Like many large cities with storied histories, London has countless museums. Visiting all of them, even having a month in which to accomplish this, can be daunting. Never-the-less, we have done our best to take in as many as we could. Presented below are some of the museums we have already visited:
"Victoria and Albert Museum" - this is the world's largest museum of "...decorative arts and design" with over 4.5 million items. Its origins follow the Great Exhibition of 1851 and was initially to be called "The Museum of Manufactures." However, in 1899 its name was officially changed to "The Victoria and Albert Museum." Situated on 12.5 acres of land in South Kennsington, its 145 galleries exhibit 5000 years of art. During World War II, most of the collections were secreted away to quarries and tunnels for protection and the galleries were used as evacuation sites.
"Natural History Museum" - containing 80 million items within five main collections (i.e. Botony, entomology, mineralogy, paleontology, and zoology), it is a world-renowned center of research, identification, and conservation. Among its collections are items gathered by Charles Darwin. The original structure was opened in 1881 and has continued to expand ever since.
"Science and Technology Museum" - This museum was founded in 1857 from the collections of the Royal Society of Arts. The present quarters were opened in stages between 1919 and 1928. Over 300,000 items make up the collection, which include the "Puffing Belly" ( the oldest surviving steam locomotive), the first jet engine, as well as hundreds of interactive exhibits.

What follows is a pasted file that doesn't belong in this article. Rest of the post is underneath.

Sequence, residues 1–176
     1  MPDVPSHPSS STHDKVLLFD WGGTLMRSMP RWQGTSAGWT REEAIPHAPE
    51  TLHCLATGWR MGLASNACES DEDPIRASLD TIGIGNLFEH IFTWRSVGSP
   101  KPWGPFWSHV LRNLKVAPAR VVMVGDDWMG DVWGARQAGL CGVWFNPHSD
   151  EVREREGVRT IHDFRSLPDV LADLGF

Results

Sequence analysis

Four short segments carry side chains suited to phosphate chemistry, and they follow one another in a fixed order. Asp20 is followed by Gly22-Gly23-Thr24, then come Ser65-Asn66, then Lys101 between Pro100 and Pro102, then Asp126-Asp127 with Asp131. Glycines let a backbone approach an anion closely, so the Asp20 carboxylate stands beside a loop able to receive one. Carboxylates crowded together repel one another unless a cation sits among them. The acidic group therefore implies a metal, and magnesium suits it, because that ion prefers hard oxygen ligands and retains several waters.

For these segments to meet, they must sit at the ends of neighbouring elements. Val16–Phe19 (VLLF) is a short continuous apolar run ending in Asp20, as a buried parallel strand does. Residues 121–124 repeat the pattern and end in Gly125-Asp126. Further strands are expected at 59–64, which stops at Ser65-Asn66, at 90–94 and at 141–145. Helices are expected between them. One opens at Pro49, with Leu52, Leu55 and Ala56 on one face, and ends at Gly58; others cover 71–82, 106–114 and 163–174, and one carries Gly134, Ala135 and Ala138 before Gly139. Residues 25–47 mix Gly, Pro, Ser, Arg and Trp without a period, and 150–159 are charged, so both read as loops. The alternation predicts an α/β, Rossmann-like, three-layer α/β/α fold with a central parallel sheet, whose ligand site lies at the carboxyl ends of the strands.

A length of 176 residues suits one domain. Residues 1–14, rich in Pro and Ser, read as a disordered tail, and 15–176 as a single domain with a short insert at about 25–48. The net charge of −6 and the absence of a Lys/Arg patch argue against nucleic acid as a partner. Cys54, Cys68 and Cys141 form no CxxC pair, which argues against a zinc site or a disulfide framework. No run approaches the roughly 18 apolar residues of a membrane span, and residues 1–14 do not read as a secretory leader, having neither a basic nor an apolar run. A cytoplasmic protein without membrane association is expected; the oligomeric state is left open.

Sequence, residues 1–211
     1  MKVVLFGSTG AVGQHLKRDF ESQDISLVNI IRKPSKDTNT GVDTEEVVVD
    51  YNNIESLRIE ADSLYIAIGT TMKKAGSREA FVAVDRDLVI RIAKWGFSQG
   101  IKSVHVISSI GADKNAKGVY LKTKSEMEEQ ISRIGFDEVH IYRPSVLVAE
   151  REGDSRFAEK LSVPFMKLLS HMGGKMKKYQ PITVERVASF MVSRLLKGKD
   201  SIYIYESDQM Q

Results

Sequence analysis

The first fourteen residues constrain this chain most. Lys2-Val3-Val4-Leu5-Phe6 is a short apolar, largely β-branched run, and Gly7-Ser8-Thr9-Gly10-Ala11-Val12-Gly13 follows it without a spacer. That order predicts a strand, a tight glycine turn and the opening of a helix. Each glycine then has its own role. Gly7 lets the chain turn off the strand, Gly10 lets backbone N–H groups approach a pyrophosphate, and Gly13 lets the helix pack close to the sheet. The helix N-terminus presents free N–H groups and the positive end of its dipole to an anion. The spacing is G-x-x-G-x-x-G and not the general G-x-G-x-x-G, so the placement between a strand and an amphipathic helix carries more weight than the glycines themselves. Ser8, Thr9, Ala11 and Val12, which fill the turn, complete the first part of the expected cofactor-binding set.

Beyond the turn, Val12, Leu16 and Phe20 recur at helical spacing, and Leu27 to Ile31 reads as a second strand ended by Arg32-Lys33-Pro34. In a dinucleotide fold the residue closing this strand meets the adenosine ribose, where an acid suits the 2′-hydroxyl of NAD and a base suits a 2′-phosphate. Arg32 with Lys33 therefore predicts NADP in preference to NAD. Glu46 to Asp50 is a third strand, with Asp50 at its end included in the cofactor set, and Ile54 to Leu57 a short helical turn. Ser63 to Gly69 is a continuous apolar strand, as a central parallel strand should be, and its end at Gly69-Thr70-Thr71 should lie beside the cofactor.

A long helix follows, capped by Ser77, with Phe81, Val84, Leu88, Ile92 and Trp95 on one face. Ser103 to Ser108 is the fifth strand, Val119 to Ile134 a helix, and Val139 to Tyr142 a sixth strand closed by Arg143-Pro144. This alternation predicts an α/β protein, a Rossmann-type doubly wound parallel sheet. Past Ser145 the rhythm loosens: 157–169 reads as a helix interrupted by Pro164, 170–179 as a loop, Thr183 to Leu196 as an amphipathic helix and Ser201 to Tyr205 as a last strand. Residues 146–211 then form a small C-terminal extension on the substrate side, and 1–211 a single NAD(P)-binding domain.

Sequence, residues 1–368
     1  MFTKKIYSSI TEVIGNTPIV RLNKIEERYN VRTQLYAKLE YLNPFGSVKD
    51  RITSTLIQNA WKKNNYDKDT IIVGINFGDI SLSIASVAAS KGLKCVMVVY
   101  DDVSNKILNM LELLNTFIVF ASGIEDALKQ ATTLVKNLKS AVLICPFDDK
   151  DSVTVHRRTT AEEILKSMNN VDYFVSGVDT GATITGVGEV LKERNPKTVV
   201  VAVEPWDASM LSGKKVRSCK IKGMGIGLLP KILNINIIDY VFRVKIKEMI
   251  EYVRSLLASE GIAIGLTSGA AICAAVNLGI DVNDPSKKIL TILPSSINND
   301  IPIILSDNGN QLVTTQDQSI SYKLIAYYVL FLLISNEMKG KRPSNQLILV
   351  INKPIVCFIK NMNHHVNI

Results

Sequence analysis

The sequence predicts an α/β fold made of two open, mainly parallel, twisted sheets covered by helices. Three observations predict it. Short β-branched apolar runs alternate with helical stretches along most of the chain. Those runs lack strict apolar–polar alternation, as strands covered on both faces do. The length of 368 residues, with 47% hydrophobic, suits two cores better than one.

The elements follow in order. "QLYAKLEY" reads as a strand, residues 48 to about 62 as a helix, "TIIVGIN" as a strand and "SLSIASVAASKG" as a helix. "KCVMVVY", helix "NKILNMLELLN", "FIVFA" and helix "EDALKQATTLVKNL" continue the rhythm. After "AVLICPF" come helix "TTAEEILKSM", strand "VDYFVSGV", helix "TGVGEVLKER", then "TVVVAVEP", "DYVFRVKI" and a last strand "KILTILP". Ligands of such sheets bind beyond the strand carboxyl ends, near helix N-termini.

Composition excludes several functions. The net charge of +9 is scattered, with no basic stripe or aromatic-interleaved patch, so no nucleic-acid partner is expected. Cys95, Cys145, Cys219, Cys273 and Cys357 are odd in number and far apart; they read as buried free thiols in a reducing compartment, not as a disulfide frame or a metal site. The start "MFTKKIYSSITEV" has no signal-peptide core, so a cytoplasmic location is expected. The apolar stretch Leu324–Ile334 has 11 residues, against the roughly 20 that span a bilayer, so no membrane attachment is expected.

"The Guards Museum" - This military museum is situated next to the Wellington Barracks near Buckingham Palace. It is home to the seven regiments of "The Foot Guards (Grenadiers, Coldstream, Scots, Irish, Welsh, The Life Guards, and the Royals and the Blues). Opened in 1988, it depicts the history of these regiments from the 17th century until today. It also depicts the evolving dress of the regiments over time as they performed their necessary ceremonial and combat duties. The Guards have fought in almost all the major campaigns in which the British Army has been involved.
"Household Cavalry Museum" - Queen Elizabeth II's Life Guards are taken from the Household Cavalry Mounted Regiment. The first Horse Guards building was constructed here in 1664. It was demolished in 1749 and replaced with the current building. Originally serving as the offices of the Commander-in-Chief of the Forces, in 1904 it was transformed into the headquarters for two major army commands - Ghe London District and The Household Cavalry. The official museum of the Household Cavalry is located on this site. Here, the training and history of the regiment, including ceremonial and combat functions, are depicted.